Archive for December, 2010

The Politics of Jesus – 2

Some quotes from The Politics of Jesus for you. A few of them are by a guy called Berkhof (i think it is the guy I’ve linked to) who I’d never heard of but I like what he said. with regards to the “powers” of the world.

the cross has disarmed them; wherever it is preached, the unmasking and disarming of the powers takes place

More Berkhof

all resistance and every attack against the gods of this age will be unfruitful, unless the church herself is resistance and attack, unless she demonstrates in her life and fellowship how men can live freed from the powers

And now Yoder himself with the best one:

the very existence of the church is its primary task…the church does not attack the powers; this christ has done. The church concentrates on not being seduced by them. By existing the church demonstrates that their rebellion has been vanquished.

So what of a civil rights movement in the 60s led by a man with Christ’s victory at the fore front of his mind. What of a movement against slavery?

Both of these now have support of the church as a good thing even though the church was complici for years in their perpetuation

Is it that only when the church is what it should be – a place that has the lordship of Jesus lived out – that individuals are called to challenge the power.

Perhaps it is this:

A church that lives under the lordship of Jesus would be full of all nations and all races

A church that lives under the lordship of Jesus would have members who refuse to keep slaves.



Learn to live with what you are – 4

I’m not so much scared that theology will lead me to do things I know in my heart are wrong. Apart from the ones I’m already complicity in a modern health service that occasionally and even frequently struggles to give its patients dignity.

The Spirit does not just guide choices but makes us into people who make right choices.

It’s more that I struggle to fill in the theological gap between what I practise (and believe to be the best thing most of the time) and what I can articulate.


Love song for ya

Was at a cracker wedding yesterday and the crazy preacher people were on about Song of Songs and it reminded me of this visualised literal reading of it.

Suffering Presence – 1

I should have read this book sooner I know. Those who were at MCC’s forum a few weeks ago will remember me proposing exactly the question Hauerwas makes here (on the first page)




we may be able to keep an extremely premature child alive, but should we, since the very means to sustain may also injure

Me and Stanley – we’re like that (makes crossed fingers sign…)


Google Body

Was initially all excited about this till I managed to find an inaccuracy in about 2 minutes.

If you’re not bothered whether the hypoglossal nerve goes lateral or medial to the origin of the occipital artery then don’t worry about my foibles.

[note you’ll need the beta of chrome to view it]


Learn to live with what you are – 3

I’ve talked about the image of God a lot in these few posts. Though I’m still not sure quite that means. It is definitely something of significance just not clear what.

Yes we bear the image of God.

But we are broken images.

Does this then confuse our talk about being in the image of God?

Which bits of our humanity are fallen and which are in the image of God?

We tend to talk of sin and death when we talk of how the fall has affected humanity so do we view those who are considered to be in poor health to be less in the image of God? Do they reveal less of God’s image to us?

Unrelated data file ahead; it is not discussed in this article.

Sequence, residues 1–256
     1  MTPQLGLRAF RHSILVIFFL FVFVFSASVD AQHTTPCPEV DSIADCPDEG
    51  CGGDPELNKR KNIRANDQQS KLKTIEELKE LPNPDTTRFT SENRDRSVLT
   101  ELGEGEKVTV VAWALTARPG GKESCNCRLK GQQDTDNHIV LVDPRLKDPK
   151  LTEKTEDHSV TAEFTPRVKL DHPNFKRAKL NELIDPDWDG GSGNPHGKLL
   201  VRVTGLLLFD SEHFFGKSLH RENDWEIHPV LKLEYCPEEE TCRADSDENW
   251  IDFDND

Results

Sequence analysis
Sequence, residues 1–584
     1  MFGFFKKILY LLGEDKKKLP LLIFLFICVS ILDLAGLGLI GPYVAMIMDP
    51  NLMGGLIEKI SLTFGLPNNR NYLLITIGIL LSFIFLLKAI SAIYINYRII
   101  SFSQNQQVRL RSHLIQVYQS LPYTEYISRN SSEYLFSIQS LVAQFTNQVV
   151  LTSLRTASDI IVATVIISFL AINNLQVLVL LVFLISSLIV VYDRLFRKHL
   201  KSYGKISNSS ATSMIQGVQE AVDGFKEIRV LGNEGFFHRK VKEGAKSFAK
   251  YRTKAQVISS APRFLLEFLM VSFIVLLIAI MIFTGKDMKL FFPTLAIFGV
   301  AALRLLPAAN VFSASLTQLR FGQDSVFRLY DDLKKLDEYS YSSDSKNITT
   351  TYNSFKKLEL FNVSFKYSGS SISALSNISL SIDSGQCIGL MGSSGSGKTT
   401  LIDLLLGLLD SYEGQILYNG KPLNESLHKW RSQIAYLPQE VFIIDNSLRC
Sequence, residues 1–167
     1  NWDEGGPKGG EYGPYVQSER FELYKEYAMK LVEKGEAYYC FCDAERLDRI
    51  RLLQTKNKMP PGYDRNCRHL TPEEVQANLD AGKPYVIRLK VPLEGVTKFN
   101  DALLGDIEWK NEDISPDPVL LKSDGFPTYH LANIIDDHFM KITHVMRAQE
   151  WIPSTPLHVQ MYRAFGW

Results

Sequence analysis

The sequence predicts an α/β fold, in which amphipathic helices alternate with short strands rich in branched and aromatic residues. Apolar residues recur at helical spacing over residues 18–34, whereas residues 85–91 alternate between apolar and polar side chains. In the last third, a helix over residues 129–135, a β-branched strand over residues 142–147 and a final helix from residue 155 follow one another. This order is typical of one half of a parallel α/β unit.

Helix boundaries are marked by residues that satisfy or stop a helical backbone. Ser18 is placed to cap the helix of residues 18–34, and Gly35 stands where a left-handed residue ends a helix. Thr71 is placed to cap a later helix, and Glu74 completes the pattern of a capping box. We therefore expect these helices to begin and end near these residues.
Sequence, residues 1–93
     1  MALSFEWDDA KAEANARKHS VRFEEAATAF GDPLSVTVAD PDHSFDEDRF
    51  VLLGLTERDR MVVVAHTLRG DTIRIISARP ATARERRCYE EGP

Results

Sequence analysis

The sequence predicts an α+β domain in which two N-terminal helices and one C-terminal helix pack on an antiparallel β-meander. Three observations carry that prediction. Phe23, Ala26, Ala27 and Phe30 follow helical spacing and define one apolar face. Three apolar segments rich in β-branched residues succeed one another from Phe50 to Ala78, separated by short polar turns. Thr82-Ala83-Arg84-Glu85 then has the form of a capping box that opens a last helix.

So the question is not just what does it mean to be made in the image of God but also what does it mean to be a broken image?

Learn to live with what you are – 2

As a follow on from the recent post, let me try to simplify where I’m at, or at least my confusion.

Perhaps using the example of a severely ill infant is too rare and specific a case to be useful in articulating a theology of medicine. My bigger interest lies in how we treat the frail elderly and care for people who may or may not be dying sooner than others.

Death is our enemy and a horrid thing, but it is not medicines job (and definitely not in our capability) to eradicate death. That is guaranteed elsewhere.


If it is so that the severely ill infant of the last post – who by all appearances seems to be dying – should continue to be resuscitated and treated aggressively because they bear God’s image then it surely follows that we should continue to resuscitate the frail elderly with severe pneumonia (who will almost always have lost capacity to decide for themselves due to their acute illness).

My reaction to the severely ill infant is to aggressively resuscitate but to the elderly patient with severe pneumonia my reaction is to not aggressively resuscitate. I seem to be following a different ethic in each of those situations.

i find these two points that to be in conflict:

1) it is a good thing that you exist. You are in God’s image. Your existence blesses mine

2) it is good that you are not suffering. It is good a thing that you are not in pain

I cannot bring about 1) without going against 2) and I cannot pursue 2) without struggling to maintain 1)

Without bringing in harm/benefit ratios and a generalized utilitarian ethic I find it impossible to resolve them, though I am well aware I may be missing some fundamental point.

And I don’t mean to say that considering harm and benefit in the decision making process is necessarily a bad thing I just feel it dangerous to give them primacy.

There is no doubt a logical fallacy somewhere in there so help me out.

Thoughts people?



December 2010